Second, the courses that we do teach for subsequent semesters in college students’ lives are also being cut out of our control, mostly by paranoid STEM advocates who are worried that their students are wasting their time in the Core curriculum. It’s not hard to see that effort happening right now, all around us. In my own university, just this year, the core requirements for STEM majors were cut from 12 hours of communication, language, and literature, to 6 hours. The initial request had been to cut to only 3 hours, but all parties compromised at 6 hours, so I guess that made it all better. The STEM guys got the 2 extra courses they desperately need to be competitive in math, science, engineering, and so on, not recognizing, of course, that employers continue to tell us (and them) that problem-solving, critical thinking, and communication are key values they expect, and unfortunately no additional access to STEM courses is going to change that need.
Third, and this is not anything particularly unique to our field, as other disciplines experience this syndrome as well, but the professionals who teach in our courses are increasingly part-time or less-than-part time, contingent faculty. Estimates are that perhaps only 17% of writing classes are taught by tenure-track faculty, and many of the rest are taught by instructors who receive no benefits, low pay, last-minute schedules, and no role in shared governance or decision-making within their schools. Our discipline depends on an underpaid, overworked, and unappreciated group of experts, our institutions employing a massive class of part-time specialists, when fulltime commitment is required. And just like the erosion of FYC and advanced writing courses in our field, it’s also possible to imagine a future where this group of people simply says, no more – I’d rather go work 9-to-5 somewhere than be treated like this.
So not only does our field face this complex paradox, where we have evolved sophisticated research methods, teaching methods, and approaches to communication that dwarf our field as we understood it at at CCCC’s founding in 1949, but where our core activities are being undercut by forces well outside of our control.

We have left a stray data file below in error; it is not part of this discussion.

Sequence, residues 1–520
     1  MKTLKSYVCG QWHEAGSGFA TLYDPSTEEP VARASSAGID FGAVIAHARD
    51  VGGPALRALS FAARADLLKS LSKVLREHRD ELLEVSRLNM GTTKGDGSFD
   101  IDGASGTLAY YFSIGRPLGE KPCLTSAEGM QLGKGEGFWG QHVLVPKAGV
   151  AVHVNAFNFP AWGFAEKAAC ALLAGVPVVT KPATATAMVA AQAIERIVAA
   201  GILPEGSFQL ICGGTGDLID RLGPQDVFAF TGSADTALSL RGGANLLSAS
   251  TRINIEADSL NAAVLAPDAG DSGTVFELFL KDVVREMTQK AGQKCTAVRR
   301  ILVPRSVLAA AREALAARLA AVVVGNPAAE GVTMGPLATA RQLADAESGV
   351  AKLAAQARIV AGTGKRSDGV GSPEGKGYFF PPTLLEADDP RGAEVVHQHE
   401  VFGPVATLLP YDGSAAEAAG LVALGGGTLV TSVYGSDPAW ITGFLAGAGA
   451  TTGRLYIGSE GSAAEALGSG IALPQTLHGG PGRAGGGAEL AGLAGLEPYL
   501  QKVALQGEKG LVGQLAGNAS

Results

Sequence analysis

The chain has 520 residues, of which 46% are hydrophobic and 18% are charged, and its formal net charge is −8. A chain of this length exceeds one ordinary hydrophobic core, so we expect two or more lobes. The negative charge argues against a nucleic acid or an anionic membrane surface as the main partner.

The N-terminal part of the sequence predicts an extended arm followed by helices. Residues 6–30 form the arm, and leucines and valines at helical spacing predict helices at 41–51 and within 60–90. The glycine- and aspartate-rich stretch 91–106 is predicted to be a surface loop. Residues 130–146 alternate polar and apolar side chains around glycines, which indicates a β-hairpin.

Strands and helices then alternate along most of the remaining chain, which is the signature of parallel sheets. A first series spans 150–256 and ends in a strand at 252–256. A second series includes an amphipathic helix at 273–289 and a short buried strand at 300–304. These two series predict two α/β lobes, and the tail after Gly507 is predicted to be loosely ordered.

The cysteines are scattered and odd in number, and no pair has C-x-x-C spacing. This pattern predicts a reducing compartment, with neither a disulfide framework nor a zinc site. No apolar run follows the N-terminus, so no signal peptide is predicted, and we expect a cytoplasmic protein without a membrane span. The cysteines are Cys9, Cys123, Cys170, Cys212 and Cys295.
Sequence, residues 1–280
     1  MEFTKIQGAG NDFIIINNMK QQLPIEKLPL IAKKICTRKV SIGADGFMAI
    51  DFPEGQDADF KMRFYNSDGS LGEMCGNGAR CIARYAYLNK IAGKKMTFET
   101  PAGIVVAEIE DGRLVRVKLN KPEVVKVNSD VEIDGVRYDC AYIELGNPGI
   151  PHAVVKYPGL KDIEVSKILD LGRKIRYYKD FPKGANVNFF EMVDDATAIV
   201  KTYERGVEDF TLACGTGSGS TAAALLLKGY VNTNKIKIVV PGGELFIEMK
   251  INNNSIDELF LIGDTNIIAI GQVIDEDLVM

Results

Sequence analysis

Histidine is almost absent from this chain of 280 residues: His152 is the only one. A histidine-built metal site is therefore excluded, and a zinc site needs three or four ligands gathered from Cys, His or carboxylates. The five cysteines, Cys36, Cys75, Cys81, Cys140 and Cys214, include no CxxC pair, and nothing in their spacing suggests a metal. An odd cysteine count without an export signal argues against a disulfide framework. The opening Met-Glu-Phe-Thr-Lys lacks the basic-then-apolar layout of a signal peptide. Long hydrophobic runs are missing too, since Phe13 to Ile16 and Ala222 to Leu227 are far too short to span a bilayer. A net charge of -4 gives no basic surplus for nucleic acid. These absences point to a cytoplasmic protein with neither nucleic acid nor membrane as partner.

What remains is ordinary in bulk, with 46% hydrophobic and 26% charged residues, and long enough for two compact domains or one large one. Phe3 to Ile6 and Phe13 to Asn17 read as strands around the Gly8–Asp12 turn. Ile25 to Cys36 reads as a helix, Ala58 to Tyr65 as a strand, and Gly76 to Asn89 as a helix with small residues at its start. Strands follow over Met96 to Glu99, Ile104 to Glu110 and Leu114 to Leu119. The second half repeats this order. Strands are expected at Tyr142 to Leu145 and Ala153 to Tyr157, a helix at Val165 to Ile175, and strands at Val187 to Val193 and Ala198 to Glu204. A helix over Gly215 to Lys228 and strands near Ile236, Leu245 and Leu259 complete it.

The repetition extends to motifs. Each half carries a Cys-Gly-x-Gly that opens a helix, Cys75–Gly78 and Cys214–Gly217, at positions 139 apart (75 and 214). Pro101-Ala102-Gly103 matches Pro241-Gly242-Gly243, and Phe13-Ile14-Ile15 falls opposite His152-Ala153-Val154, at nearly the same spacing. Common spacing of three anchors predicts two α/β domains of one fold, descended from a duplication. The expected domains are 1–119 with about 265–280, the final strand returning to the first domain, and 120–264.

Our students are being taken away from us. On the bottom end, upon entry to university, from dual-credit, and on the top end from reduced requirements for writing and communication around the country, all (arguably) to support more fundamentals for STEM education and to save families money. And our workforce is being eroded through all-too-recognizable shifts in economics and labor practices in higher education.
Most of our most pressing problems, then, are external to this conference and to our classrooms, and these externalities are pressing on our discipline and our conference hard. For this reason, it’s imperative that we (the C’s) turn our attention outward – beyond our convention and beyond our classrooms.
Of course we will certainly continue the inward work to make our organization and our discipline inclusive, smart, research oriented, teacher-oriented, all of the values we hold dear. But holding those values at the exclusion of outward facing engagement is a dangerous proposition.
All the internal improving and moves to open up leadership opportunities within the C’s will not change the structural and paradoxical situation in which we find ourselves, caught between offering something of great value and relevance to society while also losing what little power we have had before. Conservative tinkering inside the C’s mechanisms is insufficient given the magnitude of external challenges. There’s nothing wrong with conserving. We are the conservators and stewards of a tradition – of letters, rhetoric, deliberation, style, critical thinking, and those rigorous habits of mind we celebrate and teach. But even as we conserve, we shouldn’t be conservative in promulgating those values.
This organization itself can no longer be just a convention where we give papers. We are more than that, with a shared history, shared values, shared visions, where we’re all related in a mission of literacy, persuasion, and inclusion. Kent Williamson was fond of saying that you join the C’s not for what you get (journals, badges, a trip to a convention, a vita item), but for what you get to do, and that shift from things to actions is what really defines the new turn in our organization. We believe that we can do more and become better versions of ourselves working together than we can on our own.
So that’s my argument, that because of these social, economic, and cultural times, it’s not sufficient to simply be good internally, to teach well, to make our conference better, and to celebrate each others’ hard work and scholarship.
What is required of us is that we disrupt, or reinvent, our comfortable notions about what we do and explore radical new ideas about what we should do, what we can do.
The current milieu demands outward engagement and I argue that we engage by making disruption, making solutions, making change.
And as we look to engage externally, we should do so in two modalities, one through advocacy, and the other through making and innovating. Both paradigms (Advocacy and Making) engage populations outside of the C’s: the public, the government, the market in different ways.